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amcpherson's picture

Celebrate 20 Years of Linux With Us

Twenty years ago this summer, Linus Torvalds made a bold decision to share his operating system with the world. Not long after that, he chose to license it under the General Public License. Nothing in computing has been the same since.

In fact, today Linux is the largest collaborative development project in the history of computing, which means that the 20th Anniversary of Linux is an opportunity for the community to come together in celebration of this great success story and in collaboration on how it will define the next 20 years of Linux.

jennifercloer's picture

LF Collaboration Summit Preview: TI's Bill Mills on Yocto Project

The Linux Foundation Collaboration Summit is just two days away, and we were excited to be able to reach Texas Instrument's Bill Mills, chief technologist for open Linux solutions. Mills is participating in a highly-anticiapted panel on Wednesday titled, "Introducing the Yocto Project: What it Means for the Embedded Linux Industry," and shared a few thoughts with us before he prepares to arrive at Hotel Kabuki...

jennifercloer's picture

LF Collaboration Summit: Access Free Video Streaming Live

There's a rumor going around that we're going to be launching our 20th Anniversary of Linux celebration activities next week...

jennifercloer's picture

Camp KDE Preview: All About Mobile

Camp KDE, taking place April 4-5, 2011, is co-located this year with The Linux Foundation Collaboration Summit. It's worth hitting Hotel Kabuki a little early next week to see what the KDE community is doing with the mobile desktop. I talked to Camp KDE organizer Jeff Mitchell to learn more...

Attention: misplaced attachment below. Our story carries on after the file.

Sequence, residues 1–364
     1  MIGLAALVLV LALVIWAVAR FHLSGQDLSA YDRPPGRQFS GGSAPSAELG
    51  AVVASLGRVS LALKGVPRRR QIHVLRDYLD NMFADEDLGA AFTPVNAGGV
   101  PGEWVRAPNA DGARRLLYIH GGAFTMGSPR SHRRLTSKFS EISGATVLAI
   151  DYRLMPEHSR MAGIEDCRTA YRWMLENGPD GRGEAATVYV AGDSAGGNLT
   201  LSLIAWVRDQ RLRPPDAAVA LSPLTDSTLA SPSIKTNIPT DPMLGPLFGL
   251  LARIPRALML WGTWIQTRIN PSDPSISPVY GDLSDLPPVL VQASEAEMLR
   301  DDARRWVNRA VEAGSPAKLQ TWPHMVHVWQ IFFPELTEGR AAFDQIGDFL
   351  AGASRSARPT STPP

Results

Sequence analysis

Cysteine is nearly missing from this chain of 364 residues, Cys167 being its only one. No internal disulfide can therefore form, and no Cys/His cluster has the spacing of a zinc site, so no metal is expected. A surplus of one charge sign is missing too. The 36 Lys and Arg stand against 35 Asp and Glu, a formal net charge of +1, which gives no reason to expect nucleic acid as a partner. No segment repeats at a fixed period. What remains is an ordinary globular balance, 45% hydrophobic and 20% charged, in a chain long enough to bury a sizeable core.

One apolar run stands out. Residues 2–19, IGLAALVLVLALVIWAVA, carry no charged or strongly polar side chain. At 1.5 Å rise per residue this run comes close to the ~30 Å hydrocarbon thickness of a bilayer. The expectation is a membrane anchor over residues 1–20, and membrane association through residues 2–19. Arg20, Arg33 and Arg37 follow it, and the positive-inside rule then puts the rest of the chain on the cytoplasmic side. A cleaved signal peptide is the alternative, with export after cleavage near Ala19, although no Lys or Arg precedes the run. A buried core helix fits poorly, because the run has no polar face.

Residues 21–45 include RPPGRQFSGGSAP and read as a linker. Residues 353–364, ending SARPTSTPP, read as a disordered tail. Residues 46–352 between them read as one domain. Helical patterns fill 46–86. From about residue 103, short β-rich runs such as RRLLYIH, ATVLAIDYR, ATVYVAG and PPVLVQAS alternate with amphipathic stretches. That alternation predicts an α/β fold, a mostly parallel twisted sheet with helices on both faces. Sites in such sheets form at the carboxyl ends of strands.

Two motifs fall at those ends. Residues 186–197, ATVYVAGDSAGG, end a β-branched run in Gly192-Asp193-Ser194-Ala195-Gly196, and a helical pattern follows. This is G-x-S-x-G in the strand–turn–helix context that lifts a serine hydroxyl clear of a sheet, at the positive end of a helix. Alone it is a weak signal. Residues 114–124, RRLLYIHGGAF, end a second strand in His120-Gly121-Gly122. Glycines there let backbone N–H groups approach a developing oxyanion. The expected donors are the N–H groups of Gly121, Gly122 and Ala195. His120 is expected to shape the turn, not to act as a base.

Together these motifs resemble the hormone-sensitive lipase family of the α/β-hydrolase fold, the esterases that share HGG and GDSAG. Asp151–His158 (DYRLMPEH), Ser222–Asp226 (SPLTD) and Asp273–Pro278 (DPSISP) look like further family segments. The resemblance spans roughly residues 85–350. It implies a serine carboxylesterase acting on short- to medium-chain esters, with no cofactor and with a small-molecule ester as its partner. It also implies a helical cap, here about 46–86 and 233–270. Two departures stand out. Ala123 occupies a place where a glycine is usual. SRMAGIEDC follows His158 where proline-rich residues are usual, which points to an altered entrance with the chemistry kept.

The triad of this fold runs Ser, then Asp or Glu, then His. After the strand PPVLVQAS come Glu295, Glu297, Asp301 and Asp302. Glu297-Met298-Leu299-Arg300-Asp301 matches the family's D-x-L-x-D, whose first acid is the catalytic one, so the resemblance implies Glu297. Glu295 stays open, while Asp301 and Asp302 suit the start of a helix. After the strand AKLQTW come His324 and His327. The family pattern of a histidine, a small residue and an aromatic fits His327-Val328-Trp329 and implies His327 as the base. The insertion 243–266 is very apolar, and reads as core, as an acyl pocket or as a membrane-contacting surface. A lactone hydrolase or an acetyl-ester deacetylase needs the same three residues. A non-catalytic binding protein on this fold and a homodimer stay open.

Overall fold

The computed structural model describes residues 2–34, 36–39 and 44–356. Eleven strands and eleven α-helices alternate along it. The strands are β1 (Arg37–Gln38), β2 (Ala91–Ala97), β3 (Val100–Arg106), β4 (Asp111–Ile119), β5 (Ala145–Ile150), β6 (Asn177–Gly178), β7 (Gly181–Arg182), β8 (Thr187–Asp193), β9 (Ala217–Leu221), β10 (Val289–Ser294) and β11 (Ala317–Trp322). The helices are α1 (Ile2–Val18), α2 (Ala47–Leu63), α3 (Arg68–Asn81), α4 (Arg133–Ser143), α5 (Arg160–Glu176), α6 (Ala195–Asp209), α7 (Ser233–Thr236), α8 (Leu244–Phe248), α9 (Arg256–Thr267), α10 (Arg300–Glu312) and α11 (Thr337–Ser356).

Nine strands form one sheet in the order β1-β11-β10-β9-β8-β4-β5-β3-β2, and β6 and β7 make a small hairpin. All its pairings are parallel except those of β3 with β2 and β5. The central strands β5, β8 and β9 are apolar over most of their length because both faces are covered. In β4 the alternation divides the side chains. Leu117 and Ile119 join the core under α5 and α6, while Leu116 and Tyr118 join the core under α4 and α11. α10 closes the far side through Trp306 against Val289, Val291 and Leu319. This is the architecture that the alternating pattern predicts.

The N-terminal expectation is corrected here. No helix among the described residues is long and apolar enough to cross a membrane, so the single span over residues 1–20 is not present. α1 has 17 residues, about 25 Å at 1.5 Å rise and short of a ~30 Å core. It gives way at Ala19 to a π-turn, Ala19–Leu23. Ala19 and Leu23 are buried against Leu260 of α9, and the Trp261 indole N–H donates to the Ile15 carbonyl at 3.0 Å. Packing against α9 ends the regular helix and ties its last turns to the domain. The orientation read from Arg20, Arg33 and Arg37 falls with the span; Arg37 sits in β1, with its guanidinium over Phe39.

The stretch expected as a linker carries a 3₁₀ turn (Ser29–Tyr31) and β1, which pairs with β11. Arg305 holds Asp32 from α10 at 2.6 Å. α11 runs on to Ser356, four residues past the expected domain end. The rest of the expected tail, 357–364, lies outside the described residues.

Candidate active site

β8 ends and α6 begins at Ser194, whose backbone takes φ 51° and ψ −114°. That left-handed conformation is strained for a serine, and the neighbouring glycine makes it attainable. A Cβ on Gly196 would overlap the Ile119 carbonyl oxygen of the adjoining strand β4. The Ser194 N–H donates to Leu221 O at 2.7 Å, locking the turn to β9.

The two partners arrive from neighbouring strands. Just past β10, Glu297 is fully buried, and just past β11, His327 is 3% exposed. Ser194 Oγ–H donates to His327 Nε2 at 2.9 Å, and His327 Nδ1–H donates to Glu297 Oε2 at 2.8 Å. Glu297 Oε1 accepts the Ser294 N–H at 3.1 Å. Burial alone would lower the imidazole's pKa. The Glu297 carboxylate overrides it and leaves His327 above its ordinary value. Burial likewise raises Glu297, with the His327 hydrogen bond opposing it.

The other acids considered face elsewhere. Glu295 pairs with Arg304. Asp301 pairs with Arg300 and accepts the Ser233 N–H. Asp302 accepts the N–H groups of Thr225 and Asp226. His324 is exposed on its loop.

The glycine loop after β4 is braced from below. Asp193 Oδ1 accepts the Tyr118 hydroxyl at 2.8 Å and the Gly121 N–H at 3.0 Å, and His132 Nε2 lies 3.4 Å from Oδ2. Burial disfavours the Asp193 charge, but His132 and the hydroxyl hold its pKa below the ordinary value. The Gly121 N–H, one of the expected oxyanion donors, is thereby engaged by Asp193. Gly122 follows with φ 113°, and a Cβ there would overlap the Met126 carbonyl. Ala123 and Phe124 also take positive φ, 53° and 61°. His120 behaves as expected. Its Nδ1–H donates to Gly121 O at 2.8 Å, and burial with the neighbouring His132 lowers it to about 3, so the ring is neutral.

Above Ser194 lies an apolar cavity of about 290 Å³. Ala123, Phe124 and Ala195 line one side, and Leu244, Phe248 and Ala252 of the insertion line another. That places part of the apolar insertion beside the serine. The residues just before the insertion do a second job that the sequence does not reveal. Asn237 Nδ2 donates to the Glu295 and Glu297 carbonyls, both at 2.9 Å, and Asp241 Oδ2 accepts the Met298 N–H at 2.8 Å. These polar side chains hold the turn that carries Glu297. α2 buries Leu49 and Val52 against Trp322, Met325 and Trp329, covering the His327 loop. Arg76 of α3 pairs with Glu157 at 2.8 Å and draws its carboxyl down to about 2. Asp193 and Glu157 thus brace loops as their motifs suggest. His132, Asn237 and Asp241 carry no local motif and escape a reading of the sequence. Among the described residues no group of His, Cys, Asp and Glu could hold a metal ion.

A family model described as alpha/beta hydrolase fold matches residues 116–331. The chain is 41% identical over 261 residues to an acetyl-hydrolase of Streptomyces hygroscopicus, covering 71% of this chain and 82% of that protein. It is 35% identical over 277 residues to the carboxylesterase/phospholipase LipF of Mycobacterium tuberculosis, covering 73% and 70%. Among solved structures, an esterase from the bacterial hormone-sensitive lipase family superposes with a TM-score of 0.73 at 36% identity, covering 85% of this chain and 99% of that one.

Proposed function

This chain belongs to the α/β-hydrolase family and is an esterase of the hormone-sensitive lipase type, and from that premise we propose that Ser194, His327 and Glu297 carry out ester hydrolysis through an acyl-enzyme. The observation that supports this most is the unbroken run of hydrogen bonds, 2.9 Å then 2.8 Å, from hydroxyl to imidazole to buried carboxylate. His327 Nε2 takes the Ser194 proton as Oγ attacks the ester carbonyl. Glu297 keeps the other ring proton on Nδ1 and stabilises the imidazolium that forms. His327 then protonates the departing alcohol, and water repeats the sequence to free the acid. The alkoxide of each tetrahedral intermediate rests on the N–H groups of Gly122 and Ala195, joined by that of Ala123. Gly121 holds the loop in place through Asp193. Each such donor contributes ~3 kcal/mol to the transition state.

jennifercloer's picture

Announcing the 2011 Linux.com Gurus

Today is one of my favorite days of the year: the day we reveal the annual Linux.com Gurus. The 2011 Linux.com Gurus represent the most active members of the Linux.com community and through their contributions the site, they help other Linux users to locate and share valuable information and they are able to market their skills and position themselves for potential job opportunities.

jennifercloer's picture

LF Collaboration Summit Preview: QuIC's Mark Charlebois

When I think back to the first Linux Foundation Collaboration Summit, I start to realize how much work the community has gotten done over the last five years. Since meeting at Google's headquarters in June 2007, we've seen real advancements for Linux in super computing, cloud computing and virtualization. There are really interesting things that have happened around high-availablity (HA), for example, that you will see first-hand at the upcoming Collaboration Summit.

gregkh's picture

Android kernel wakelock solution

In two separate email threads this week, I have been asked about the status of the Android wakelock issue that has been described in the past. It turns out that people don't realize that the Linux kernel now supports this type of locking, and has for a few releases now.

gregkh's picture

Help make the LF Collab Summit Panel discussion not suck

In a few weeks, I'm leading a panel discussion at the Linux Foundation Collaboration Summit about "Hardware Success Stories in the Linux Ecosystem". I'm lucky to have a great set of participants from a bunch of companies with a wide range of experience with Linux, so it should be a lot of fun.

Participating are representatives from Intel, Qualcomm, and Texas Instruments.

gregkh's picture

My email bot escaped

As noted before, I get a lot of email every day. A few years ago it got to the point that the number of individual queries coming in was making it so that I really didn't have much time to do much else than answer them. So after messing with some perl scripts I came up with an email bot that sits and watches my inbox for messages it can answer by pointing people at the proper place to ask the question in the first place.

Corbet's picture

2.6.38: making things Just Work

Linus Torvalds announced the release of the 2.6.38 kernel on March 14. Like its predecessors, 2.6.38 incorporates a lot of work - over 9,500 patches from over 1,100 developers. There are a number of useful changes, including some important scalability improvements, but, in my mind, the most interesting theme behind this kernel is that of making advanced features Just Work.

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